No doubt there will be a re-evaluation by Australian business and governments of these risks. However, the expansion of subsidised, high-cost manufacturing is a very costly “solution”.
If education and tourism are not quite the money spinners we thought they would be, the economy will automatically adjust to fill the gap. And while that may take time, the result will be more efficient than anything the politicians are likely to conjure up.
As for healthcare equipment and personal protective equipment shortages, perhaps the more sensible solution is for governments to build and maintain adequate reserve supplies. The failure of governments to acquire adequate stockpiles well in advance of the crisis seems extraordinary given their own health experts have been warning about the inevitability of serious pandemics for years.
The choice between strategic stockpiling and investing in manufacturing capacity should be made by the health authorities and financed from the global health budget to create an incentive for the most cost-effective option. The decision should be fully transparent.
As for supply-chain risks more generally, it seems likely the supplier economies will themselves be making some fundamental adjustments.
China will not want to put itself through another shutdown of the scale we have just seen. And, like Australia, the Asian economies that supply the Chinese manufacturing machine are likely to diversify. Their prices, tax regimes, real wages and exchange rates may change in ways that make it less attractive for Australian industry to shift to high-cost home production.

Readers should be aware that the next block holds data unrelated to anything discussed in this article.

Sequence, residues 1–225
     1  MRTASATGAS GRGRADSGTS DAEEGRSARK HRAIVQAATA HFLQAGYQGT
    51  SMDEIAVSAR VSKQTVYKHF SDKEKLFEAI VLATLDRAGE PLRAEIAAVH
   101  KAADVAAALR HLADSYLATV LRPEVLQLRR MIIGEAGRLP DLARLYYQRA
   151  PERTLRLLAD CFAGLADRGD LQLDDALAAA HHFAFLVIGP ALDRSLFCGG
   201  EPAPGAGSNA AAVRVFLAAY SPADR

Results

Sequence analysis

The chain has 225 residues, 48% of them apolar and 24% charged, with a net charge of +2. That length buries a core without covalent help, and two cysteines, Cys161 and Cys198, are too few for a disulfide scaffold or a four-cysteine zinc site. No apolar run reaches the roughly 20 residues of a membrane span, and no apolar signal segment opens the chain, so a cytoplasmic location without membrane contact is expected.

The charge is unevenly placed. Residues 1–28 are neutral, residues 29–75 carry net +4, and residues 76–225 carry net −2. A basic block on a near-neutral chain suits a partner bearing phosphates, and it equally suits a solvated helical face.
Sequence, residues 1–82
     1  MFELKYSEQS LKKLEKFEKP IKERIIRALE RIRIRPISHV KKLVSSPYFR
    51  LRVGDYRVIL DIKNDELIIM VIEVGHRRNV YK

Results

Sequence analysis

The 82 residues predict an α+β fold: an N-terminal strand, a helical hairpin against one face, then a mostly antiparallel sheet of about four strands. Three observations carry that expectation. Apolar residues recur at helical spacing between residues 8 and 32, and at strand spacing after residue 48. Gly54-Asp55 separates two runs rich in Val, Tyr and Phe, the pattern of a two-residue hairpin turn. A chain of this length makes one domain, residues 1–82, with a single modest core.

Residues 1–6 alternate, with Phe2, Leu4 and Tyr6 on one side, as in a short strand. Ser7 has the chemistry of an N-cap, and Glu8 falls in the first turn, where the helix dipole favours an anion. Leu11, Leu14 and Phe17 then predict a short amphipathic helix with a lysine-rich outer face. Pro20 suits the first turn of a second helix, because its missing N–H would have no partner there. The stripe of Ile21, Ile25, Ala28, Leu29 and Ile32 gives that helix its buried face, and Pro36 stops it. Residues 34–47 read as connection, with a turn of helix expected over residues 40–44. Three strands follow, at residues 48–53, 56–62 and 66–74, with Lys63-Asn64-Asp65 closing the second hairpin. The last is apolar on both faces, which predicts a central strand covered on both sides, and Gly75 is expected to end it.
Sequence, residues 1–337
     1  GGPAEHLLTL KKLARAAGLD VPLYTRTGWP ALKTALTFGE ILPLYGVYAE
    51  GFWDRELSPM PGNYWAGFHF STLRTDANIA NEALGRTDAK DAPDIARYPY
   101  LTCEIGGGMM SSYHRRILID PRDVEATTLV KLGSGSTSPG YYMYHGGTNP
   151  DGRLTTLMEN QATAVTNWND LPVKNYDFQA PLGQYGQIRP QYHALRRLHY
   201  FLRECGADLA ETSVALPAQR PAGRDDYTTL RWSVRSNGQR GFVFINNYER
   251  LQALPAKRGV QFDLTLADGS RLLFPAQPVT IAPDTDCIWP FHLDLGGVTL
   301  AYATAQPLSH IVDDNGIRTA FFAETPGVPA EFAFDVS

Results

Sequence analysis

And, of course, if the US and Europe do intervene to expand their manufacturing capacity, that too increases Australia’s future supply options. They will suffer an efficiency cost but their big domestic markets and the available economies of scale should mean their cost penalty is less than ours.
The COVID-19 recession will leave a scar of prolonged unemployment and weakened businesses with very limited capacity to contribute to the recovery in business investment and innovation.
It coincides with a secular decline of global productivity growth and it has caught Australia napping with a long to-do list of unaddressed economic reform.
Together, Australia’s failure to press on with reform and the global productivity slowdown have seen Australia’s productivity growth collapse. That will make it more difficult for governments to both supply high quality healthcare, education and other services and restore their budgets to balance.
The urgent challenge now is to revive productivity growth, not weigh it down with economically inefficient manufacturing. What the economy needs in addition to the government’s current fiscal support is reform of taxation, industrial relations and infrastructure investment.
No doubt the resurgence of business investment will include investment in manufacturing and that will be perfectly fine - if that manufacturing can stand on its own feet.
In the vast majority of cases, it should mean no government involvement at all.
Alan Mitchell is a bluenotes columnist and former economics editor of the Australian Financial Review